The three leaders in the case study operate under different work conditions, group norms and employee-types. Consequently, the effectiveness and ineffectiveness eminent in each of the shifts depends on the leader’s ability to merge his or her leadership style with these variables.
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The model chosen for analysis is known as the Path-goal model. In this school of thought, leaders ought to motivate their followers in order to facilitate goal accomplishment. The theory has four major aspects that include goal definition, path clarification, elimination of obstacles and support provision. Furthermore, leaders ought to alter their leadership style in response to employee characteristics and task characteristics.
In the path-goal model, one can be a directive, achievement oriented, supportive, and participative leader. A directive leader clarifies goals, timelines and all other aspects of work. He or she manages various aspects of work. The achievement – oriented supervisor causes workers to feel challenged through high goal – setting and by urging them to accomplish those goals.
A supportive leader focuses on subordinates’ human needs while the participative leader seeks ideas and opinions from employees. These characteristics are not mutually exclusive as one may choose a different type of behavior depending on the situation under consideration. In addition, one leader can demonstrate more than one type of style at any one time.
For one to become a successful leader, one must know the characteristics of one’s followers. Subordinates traits change depending in their preferences for structure, their desire for control, their need for affiliation as well as the confidence they have in their ability to complete tasks.
Those with a high need for affiliation require a supportive leader while employees with an internal locus of control (those who believe in their ability to control their lives) require participative leaders. Individuals with great confidence in their ability to perform tasks need to have less directive leaders. Employees who exhibit authoritarian traits and work in uncertain situations require directive leadership for clarity.
Task characteristics can also alter leadership behaviors. Situations with ambiguous tasks require structured leadership, hence directive managers. On the other hand, repetitive tasks require supportive and human-centered styles. Work places with weak group norms and formal authority require less directive styles.
The model is useful in facilitating motivation among employees. Additionally, if applied correctly, employees will find great satisfaction in their work. They will have rewards and payoffs that they can work towards. It helps to put goals at the center of work activities and thus enhance results. Leaders can eliminate obstacles and support their followers to optimize their potential through this model.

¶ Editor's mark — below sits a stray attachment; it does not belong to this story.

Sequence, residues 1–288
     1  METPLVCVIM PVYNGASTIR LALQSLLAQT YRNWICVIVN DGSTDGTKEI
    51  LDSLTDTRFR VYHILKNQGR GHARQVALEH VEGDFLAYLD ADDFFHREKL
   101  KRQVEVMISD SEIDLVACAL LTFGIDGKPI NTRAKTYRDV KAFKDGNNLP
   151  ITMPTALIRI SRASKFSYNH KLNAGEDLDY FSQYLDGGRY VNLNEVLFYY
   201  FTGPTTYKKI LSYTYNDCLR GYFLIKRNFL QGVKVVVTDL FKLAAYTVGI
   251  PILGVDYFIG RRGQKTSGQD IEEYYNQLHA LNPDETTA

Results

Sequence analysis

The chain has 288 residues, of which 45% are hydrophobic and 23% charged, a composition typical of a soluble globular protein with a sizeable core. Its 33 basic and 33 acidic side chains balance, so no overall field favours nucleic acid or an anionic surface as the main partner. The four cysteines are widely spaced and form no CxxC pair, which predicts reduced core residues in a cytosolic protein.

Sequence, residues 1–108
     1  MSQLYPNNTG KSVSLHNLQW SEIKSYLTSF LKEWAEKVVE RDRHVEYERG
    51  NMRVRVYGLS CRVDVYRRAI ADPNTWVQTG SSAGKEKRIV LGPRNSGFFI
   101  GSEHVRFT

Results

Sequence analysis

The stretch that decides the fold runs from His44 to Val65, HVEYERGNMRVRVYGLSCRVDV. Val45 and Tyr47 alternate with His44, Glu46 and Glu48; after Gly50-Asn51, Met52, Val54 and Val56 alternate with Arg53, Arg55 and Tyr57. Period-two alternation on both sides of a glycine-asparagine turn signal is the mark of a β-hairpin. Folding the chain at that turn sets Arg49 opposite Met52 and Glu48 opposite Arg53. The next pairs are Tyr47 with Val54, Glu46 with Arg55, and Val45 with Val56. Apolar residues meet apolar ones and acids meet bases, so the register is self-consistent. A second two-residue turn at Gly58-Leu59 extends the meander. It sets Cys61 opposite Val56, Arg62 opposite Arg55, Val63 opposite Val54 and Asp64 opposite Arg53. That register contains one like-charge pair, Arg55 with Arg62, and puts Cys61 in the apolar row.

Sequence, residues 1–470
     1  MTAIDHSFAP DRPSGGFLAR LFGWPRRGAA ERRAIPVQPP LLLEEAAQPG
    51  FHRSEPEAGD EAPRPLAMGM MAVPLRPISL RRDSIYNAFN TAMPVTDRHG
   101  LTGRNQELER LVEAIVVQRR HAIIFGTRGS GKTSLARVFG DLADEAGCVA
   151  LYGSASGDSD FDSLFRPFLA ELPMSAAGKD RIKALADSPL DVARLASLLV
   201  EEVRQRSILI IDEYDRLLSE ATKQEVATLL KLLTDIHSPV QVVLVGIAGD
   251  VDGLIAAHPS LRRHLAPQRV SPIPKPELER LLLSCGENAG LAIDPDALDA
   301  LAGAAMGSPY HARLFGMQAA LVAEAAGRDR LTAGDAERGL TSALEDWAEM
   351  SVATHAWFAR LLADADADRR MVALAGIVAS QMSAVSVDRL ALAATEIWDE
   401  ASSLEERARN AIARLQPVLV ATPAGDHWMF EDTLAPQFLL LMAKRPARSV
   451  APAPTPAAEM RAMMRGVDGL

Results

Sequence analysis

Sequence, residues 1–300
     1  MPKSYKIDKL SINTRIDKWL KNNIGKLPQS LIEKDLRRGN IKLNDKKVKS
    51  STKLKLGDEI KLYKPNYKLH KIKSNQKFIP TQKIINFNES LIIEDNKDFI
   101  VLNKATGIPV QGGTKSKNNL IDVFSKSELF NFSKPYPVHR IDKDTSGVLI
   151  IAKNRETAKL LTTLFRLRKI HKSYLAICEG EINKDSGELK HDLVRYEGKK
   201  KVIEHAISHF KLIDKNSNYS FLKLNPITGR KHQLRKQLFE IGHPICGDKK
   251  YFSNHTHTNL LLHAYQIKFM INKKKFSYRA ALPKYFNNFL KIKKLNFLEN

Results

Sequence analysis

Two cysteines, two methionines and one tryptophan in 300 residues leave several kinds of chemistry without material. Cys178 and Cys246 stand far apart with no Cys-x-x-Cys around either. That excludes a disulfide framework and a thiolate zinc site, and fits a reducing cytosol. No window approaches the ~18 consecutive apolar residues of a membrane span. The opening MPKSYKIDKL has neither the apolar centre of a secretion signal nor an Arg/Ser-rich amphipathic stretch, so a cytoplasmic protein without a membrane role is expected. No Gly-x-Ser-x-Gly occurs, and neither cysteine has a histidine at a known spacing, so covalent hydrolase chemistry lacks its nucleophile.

Analysis of the case study
Art appears to have a number of leadership challenges. His employees are bored and lack motivation to carry out their duties. They also know their tasks inside out. The path goal theory states that directive leadership is suitable to dogmatic subordinates who have unclear, complex and ambiguous tasks. In the first shift, employees are not authoritarian at all. They are already confident about their ability to complete tasks. Additionally, they seem to have an internal locus of control.
The last thing they need is a directive leader, yet Art has selected the directive leadership style. His behavior is incompatible with his employees and well as their work environment.
Art needs to minimize his level of involvement in the employees’ work. He should borrow some of Bob’s ideas by dealing with his subordinates’ human needs. Art ought to work on his likeability as well as his ability to relate to his subordinates. These workers need a human touch and they have a high need for affiliation, which is the perfect scenario for supportive leadership.
Conversely, Bob, who supervises the second shift, has a different set of leadership challenges. Bob is a supportive leader as seen through his interactions with workers. He remembers his followers’ birthdays, takes them out for lunch, and praises their performance. However, this approach does not suit their task characteristics as outlined in the path-goal model. The employees are uncertain about some of their tasks especially when the computer is poorly calibrated.
They seem to have ambiguous goals and work under a lot of pressure. Their set up changes very frequently, so they require a supervisor who will clarify their goals. Additionally, these employees have low confidence in their ability to perform tasks as they keep talking about how difficult the job is. This scenario requires a directive leader who will provide structure and guide them in their daily tasks. Bob ought to get more involved in his subordinates’ tasks so as deal with this challenge.
Lastly, Carol seems to have mastered her situation and her employees quite well. She is a participative leader in certain circumstances, a supportive leader at other times, and an achievement-oriented supervisor in certain circumstances. She knows when to solicit for ideas or when to support workers. Carol represents the ultimate path-goal leader; she works on employees’ personal needs while focusing on the ultimate goal in the enterprise. She also eliminates obstacles and clarifies path in the way that the matter has been described in the theory.